"I did not know of JAPAN'S defeat until I reached YOKOKAMA. I left several Japanese back at the came in WISCONSIN, including two of my mates from the INARI-MARU, KUMUGAYA and CIKANA, both anxiously waiting to come home. But at present the sick and wounded have top priority on the return to JAPAN.
"I boarded an American boat at SAN FRANSISCO and arrived at YOKOHAMA on 20 November, where I was taken to the repatriates' encampment at URAGA and given 100 yen and several outdoor meal tickets."
ITEM 3 Illegal Food Transaction - Chubu Nippon Shimbun - 4 Dec 45 Translator: Y. Akabane
War materials wantouly carried out of military and naval ware-houses immediately after the end of the war have been found. They were illegally disposed of within HICHI Ken and have been located as the result of investigations made on the basis of lists giving particulars on materials officially sold. These lists had been presented by the Military and Naval Provision Departments to the Economic Security Section of the Prefectural Office. In foods alone, large amounts were ascertained to have been disposed of illegally. The following are lists of items sold and the organizations to which they were sold:
Sugar: Sold to FUKUJU Cake Manufactoring Company, MOTOTSUKA-Machi, NISHI-ku, Nagoya, 70,396 kilograms; to [illegible]RAKAWA, Chotaro Partnership Company, OSATO-Mura, NAKAJIMA-Gun, 34,286 kilograms; to SAHASHI Industrial Company, SHADO-HIGASHI-Machi, HIGASHI-ku, NAGOYA, 27,744 kilograms; to NAKAMURA, Kamamichi, NISHIBIWAJIMA-Machi, the subarb of NAGOYA, 21,000 kilograms; to AICHI Tomato Company, UENO-Machi, CHITA-Gun, 8,360 kilograms; to WATANAEE Food Refinery Company (SEIRYO KAISHA), 8,570 kilograms. This makes a total of 165,338 kilograms (about 280,000 kin), of which 276,000 kin have been found stored in warehouses.
The prefectural authorities are going to deliver this store of sugar to the Prefectural sugar Wholesale Merchants Association,
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SOCIAL SERIES 73 (Continued)
ITEM 3 (Continued)
and 8,570 kilograms (14,300 kin) found in the [illegible]Food Refining Company will be used to make baby food. The remainder of about 270,000 kin will be distributed to inhabitants of the prefecture for use during the coming year. It is estimated that about 0.7 kin can be alloted to each of the 2,500,000 inhabitants. It is rumored that some of the companies which illegally purchased sugar have applied secretly for exemption from returning the sugar through members of the Prefectural Assembly who had the power to suspend regulations requiring the return of goods acquired illegally.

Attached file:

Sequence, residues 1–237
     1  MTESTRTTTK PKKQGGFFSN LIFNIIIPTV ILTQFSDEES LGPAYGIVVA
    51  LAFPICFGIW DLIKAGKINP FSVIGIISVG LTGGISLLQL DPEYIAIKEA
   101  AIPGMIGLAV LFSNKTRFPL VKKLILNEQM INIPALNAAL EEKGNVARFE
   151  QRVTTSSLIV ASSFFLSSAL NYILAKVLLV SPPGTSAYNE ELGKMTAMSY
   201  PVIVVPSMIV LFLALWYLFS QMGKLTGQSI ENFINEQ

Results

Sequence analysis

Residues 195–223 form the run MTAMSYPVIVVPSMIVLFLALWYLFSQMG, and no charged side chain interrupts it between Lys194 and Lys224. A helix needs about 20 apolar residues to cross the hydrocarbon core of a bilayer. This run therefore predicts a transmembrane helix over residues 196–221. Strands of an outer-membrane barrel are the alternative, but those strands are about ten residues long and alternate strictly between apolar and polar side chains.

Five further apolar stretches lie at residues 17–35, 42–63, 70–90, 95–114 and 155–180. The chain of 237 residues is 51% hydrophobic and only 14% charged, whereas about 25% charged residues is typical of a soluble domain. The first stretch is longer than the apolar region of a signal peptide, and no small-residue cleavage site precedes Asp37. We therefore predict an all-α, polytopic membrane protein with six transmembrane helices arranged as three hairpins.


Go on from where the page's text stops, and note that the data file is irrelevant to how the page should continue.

Cereals: Excepting those sold to the officially controlled provisions distribution organ, 15 tons of rice and 43 tons of wheat were sold to MURAMATSU SHOYU (Sauce) Company, CHIMA - Machi, CHITA-Gun; 187 tons of soy-beans to MORITA Partnership Company of KOSUZUKA - Mura, CHITA-Gun; 164 tons to the KAMIYA Industrial Company of HIFJUKU-Mura, KUKADA-Gun: four tons to FUKUJU Cake Manufacturing Company: 83 tons to SUGIURA, Chiyiro Company of [illegible]-Machi, [illegible]-Gun; and 56 tons to MURAMATSU SHOYU Company, making a total of 494 tons. 37 tons of wheat flour was sold to MURAMATSU SHOYU Company and 50 tons to FUKUJU Cake Manufacture Company, making a total of 87 tons, part of which is already being used for the production of miso and shoyu.
It is reported that soy beans and wheat will be used to make miso and shoyu, but other items are destimed for general distribution by the food distribution agency.
ITEM 4 College Students to work in Coal Mines - Asahi Shimbun - 7 Dec 45 Translator: T. Cgawa